DATAMI Resonances SciArt 2018 Summer School, Joint Research Council (JRC), EU Commission, Ispra, Milan, Italy, June 2018.
Wednesday 27th June, 10.15-13.00
10.15am Presentation by Ele Carpenter on Art, Radiation & Data
11am Participatory Performance in Variable Risk Perception and roundtable discussion with JRC Nuclear Scientists: Paolo Peerani, Vittorio Forcina, Giorgia Cinelli and Marc De Cort.
NUCLEAR CULTURE WORKSHOP REPORT (In progress)
The JRC is like a small university campus including a nuclear research centre, just a half hour drive from Milan Malpensa airport. The address, Via Enrico Fermi, gives an indication of just how central the nuclear is to this site, and to the very nature of European collaborative research. I've been joking that sending uranium glass to Euratom is like sending coals to Newcastle, but the research reactors at the JRC and now being decommissioned. Following the Chernobyl disaster in 1986 Italy shut down its nuclear power stations. Whilst the Euratom Treaty was signed in 1957, shortly followed by the organisation based at Ispra, it has now evolved into the JRC which broadened its remit to include other disciplines alonside the nucler research center. Today the Euratom Work Programme is focused on nuclear safety, monitoring and waste management. The Nuclear Culture workshop at DATAMI provided the opportunity to find out about the JRC nuclear research programmes. Much of their work is focused on decommissioing the old research reactors at the site, and managing the low level and high level radioactive waste on site.
This workshop brought together artists participating in the DATAMI conference with JRC Nuclear Scientists to discuss environmental and background radiation monitoring and data collection. Ele Carpenter spent a couple of hours with the nuclear scientists comparing different kinds of radiation monitors and discussing the discrepancies in readings due to different kinds of calibration. Ele then gave a short introduction to the nuclear anthropocene and her curatorial research, including commissioning artwork currently showing in the Perpetual Uncertainty exhibition at the Malmo Konstmuseum, Sweden, focusing on the 'temporary index' artwork by Jon Thomson and Alison Craighead, and the Pazugoo artwork by Andy Weir. Temporary Index starts to gather together a data set of the long time periods for which high level radioactive waste needs to be isolated from the biosphere. The work counts down the decay rate in seconds, a very human scale of counting time within the deep time scale of millions of years. Whilst Pazugoo is a process of mutating an ancient belief system applied to radiological danger. Both artworks function as markers of nuclear sites, and are distributed across online and physically located space. Ele introduced Ken + Julia Yonetani's 'Crystal Palace' artwork comprising of Uranium glass chandeliers lit by UV light representing each nuclear energy producing country; and her own artwork 'Laboratory for Variable Risk Perception' comprising of over 100 pieces of domestic uranium glass.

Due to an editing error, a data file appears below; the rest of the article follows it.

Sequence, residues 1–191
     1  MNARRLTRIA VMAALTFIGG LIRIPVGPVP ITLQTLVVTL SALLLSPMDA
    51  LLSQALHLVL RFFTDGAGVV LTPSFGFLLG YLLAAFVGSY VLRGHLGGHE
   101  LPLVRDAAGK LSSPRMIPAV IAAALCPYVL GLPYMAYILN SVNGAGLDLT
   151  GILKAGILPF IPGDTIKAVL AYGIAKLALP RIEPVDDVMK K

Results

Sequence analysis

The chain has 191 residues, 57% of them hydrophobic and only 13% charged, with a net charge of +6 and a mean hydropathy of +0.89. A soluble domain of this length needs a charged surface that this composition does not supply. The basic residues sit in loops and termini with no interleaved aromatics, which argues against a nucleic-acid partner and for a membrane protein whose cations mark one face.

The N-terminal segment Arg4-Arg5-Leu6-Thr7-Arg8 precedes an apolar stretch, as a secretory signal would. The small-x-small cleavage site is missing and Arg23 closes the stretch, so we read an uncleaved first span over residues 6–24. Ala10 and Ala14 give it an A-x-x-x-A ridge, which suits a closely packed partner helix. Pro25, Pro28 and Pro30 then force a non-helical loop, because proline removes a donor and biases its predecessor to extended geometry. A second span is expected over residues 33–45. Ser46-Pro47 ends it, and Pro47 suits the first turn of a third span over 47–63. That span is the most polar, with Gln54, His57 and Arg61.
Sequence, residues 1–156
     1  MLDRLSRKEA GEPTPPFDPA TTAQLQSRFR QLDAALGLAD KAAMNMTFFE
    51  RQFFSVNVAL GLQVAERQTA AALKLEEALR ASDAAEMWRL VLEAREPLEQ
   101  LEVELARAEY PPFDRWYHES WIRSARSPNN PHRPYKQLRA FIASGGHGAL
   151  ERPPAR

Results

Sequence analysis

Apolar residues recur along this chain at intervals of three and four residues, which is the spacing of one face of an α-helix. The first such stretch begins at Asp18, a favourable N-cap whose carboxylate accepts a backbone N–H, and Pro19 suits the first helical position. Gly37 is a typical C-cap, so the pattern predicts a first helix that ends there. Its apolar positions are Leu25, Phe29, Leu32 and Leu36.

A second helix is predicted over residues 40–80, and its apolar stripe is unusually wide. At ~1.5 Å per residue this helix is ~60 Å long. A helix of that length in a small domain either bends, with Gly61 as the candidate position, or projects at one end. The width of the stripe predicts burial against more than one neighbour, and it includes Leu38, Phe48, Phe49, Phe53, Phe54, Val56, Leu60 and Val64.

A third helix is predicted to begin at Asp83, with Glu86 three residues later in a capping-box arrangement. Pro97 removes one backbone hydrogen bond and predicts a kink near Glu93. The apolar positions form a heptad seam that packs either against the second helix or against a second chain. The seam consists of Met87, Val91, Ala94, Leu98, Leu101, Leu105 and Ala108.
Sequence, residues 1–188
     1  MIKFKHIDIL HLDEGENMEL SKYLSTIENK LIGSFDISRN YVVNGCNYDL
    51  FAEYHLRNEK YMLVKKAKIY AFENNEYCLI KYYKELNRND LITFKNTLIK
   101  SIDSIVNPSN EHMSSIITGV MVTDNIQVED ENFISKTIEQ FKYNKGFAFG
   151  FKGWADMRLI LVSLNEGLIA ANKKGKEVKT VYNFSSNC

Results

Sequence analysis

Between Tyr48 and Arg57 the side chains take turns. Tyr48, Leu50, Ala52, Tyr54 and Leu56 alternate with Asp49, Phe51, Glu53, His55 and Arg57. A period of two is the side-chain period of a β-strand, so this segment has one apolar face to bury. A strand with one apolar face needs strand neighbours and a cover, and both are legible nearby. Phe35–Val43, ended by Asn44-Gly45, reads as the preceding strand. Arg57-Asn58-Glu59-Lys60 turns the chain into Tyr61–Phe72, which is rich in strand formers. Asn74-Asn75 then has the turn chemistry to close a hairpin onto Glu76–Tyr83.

The workshop then invited the artists and scientists to form multidisciplinary groups to undertake a 'Participatory Performance in Variable Risk Perception' using items of decorative uranium glass from Ele's artwork. The performance involved exploring the varying perceptions of low level radiological risk by experiencing what it means to seek out and find a radiological object. The glass objects were hidden around the grounds outside the conference centre and participants were given geiger counters to seek out the glass in the environment. Uranium glass was chosen because it is part of our everyday radioactive uncanny. The glass contains uranium salts, but is radiologically very low-level; when lit with UV light it glows an uncanny bright green, evoking the fear and awe of radiation. The groups discussed the challenges of searching for and measuring radioactive materials, the difficulty of finding stable data, the difference between alpha, beta and gamma radiation, and the very short ranges of emissions from low level objects.